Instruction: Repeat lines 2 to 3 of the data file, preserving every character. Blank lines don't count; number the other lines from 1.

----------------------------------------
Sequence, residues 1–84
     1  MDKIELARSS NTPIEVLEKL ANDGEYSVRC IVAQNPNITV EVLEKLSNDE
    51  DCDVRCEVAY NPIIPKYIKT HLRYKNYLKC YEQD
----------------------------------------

     1  MDKIELARSS NTPIEVLEKL ANDGEYSVRC IVAQNPNITV EVLEKLSNDE
    51  DCDVRCEVAY NPIIPKYIKT HLRYKNYLKC YEQD